[13-Nov-14]. Although Aquarius was designed for ocean salinity mapping, our objective in this investigation is to exploit the large amount of land observations that Aquarius acquires and extend the mission scope to include the retrieval of surface soil moisture. Meissner, T., Wentz, F., Scott, J., and Hilburn, K.
[13-Nov-14]. Fresh biases up to 0.4 psu are observed when comparing Aquarius salinities with ARGO or HYCOM in the tropical and subtropical regions. These biases are partly due to inaccuracies in the geophysical model function that correlate with sea surface temperature and partly due to salinity stratification in the upper ocean layer. Aquarius measures salinity within a few centimeters of the surface, which is fresher during and after rain effects than the 5 m depth layer, to which ARGO and HYCOM refer to. In order to make improvements to the salinity retrieval algorithm and avoid overcorrecting it is essential to separate these two effects. Bianchi, J., Quirno, M., Lozza, H., Thibeault, M., Dadamia, D., and Goniadzki, D.
[13-Nov-14]. The impact on discharge simulation efficiency of satellite soil moisture data assimilation was assessed. Soil moisture estimation products of the instruments SMOS, Aquarius and AMSR2 were assimilated through Ensemble Kalman Filtering into two previously-calibrated conceptual hydrological models of the Gualeguay basin, located in the Argentinian temperate sub-humid flatlands. D'Addezio, J., Subrahmanyam, B., Nyadjro, E., and Murty, V.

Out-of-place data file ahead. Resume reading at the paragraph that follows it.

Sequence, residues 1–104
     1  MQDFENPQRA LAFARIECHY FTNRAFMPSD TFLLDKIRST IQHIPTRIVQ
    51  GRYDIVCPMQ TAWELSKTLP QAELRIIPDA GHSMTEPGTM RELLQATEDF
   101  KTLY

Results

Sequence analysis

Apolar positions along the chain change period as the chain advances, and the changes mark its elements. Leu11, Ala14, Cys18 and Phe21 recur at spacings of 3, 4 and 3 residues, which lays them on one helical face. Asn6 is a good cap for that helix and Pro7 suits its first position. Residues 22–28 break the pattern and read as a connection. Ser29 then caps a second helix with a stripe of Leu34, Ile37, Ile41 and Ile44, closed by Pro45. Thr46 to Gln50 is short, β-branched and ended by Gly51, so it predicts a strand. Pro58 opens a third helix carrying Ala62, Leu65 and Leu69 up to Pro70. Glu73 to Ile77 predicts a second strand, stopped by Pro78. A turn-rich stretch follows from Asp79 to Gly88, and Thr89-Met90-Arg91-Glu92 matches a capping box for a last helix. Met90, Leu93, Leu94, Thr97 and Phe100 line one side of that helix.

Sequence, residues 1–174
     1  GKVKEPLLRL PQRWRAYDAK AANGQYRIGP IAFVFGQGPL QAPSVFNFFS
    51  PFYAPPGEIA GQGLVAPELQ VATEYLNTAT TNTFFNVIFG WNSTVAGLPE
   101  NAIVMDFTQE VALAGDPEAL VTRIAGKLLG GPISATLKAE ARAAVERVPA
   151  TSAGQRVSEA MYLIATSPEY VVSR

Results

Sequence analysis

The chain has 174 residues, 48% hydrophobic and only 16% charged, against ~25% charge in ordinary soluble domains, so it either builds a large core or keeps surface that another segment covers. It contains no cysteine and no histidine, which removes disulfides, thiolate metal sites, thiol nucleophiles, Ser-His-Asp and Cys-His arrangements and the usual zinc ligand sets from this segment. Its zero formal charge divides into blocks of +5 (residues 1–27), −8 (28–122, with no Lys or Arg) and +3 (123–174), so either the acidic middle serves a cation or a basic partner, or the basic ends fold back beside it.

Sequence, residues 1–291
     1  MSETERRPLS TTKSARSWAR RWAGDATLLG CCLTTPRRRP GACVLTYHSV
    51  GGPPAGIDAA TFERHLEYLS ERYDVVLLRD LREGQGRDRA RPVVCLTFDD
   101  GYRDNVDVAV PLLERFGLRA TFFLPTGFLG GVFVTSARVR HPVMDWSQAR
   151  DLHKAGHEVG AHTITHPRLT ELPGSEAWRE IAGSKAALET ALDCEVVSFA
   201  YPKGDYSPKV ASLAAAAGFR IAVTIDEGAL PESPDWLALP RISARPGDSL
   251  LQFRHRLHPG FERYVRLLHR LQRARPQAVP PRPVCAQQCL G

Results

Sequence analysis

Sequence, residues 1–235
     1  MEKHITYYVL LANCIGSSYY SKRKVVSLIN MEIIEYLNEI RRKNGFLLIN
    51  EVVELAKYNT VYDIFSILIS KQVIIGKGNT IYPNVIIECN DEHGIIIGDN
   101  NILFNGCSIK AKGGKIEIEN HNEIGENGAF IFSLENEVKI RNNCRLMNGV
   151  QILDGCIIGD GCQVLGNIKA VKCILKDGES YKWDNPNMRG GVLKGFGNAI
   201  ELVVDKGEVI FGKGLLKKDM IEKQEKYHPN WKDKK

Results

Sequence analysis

[11-Nov-14]. The Northern Indian Ocean presents a unique dipolar sea surface salinity structure with the salty Arabian Sea on the west and the fresher Bay of Bengal on the east. At the surface, the largest driver of seasonal salinity variability is the monsoonal riverine runoff and winds and their ability to transport volume between the two basins. deCharon, A., Companion, C., Cope, R., and Taylor, L.
[11-Nov-14]. NASA's Aquarius instrument and Salinity Processes in the Upper Ocean Regional Study (SPURS) have given the scientific community unprecedented insight into salinity's role in the earth system. Synergistic efforts by the University of Maine-based public engagement team have focused on themes of the water cycle, ocean circulation and climate. Resources highlighting salinity's ties to these familiar topics have been disseminated through Aquarius and SPURS webinars and workshops. Reagan, J., Boyer, T., Antonov, J., and Zweng, M.
[12-Nov-14]. A new monthly sea surface salinity (SSS) product calculated from profile data within the World Ocean Database is compared and contrasted with Aquarius SSS, both standard and Combined Active-Passive products, from September 2011 through September 2013. Mannshardt, E., Sucic, K., Fuentes, M., and Bingham, F.
[11-Nov-14]. Using Argo in situ and Aquarius version 3.0 sea surface salinity, we compare measured salinity across metric distributions. Soldo, Y., de Matthaeis, P., Le Vine, D., and Richaume, P.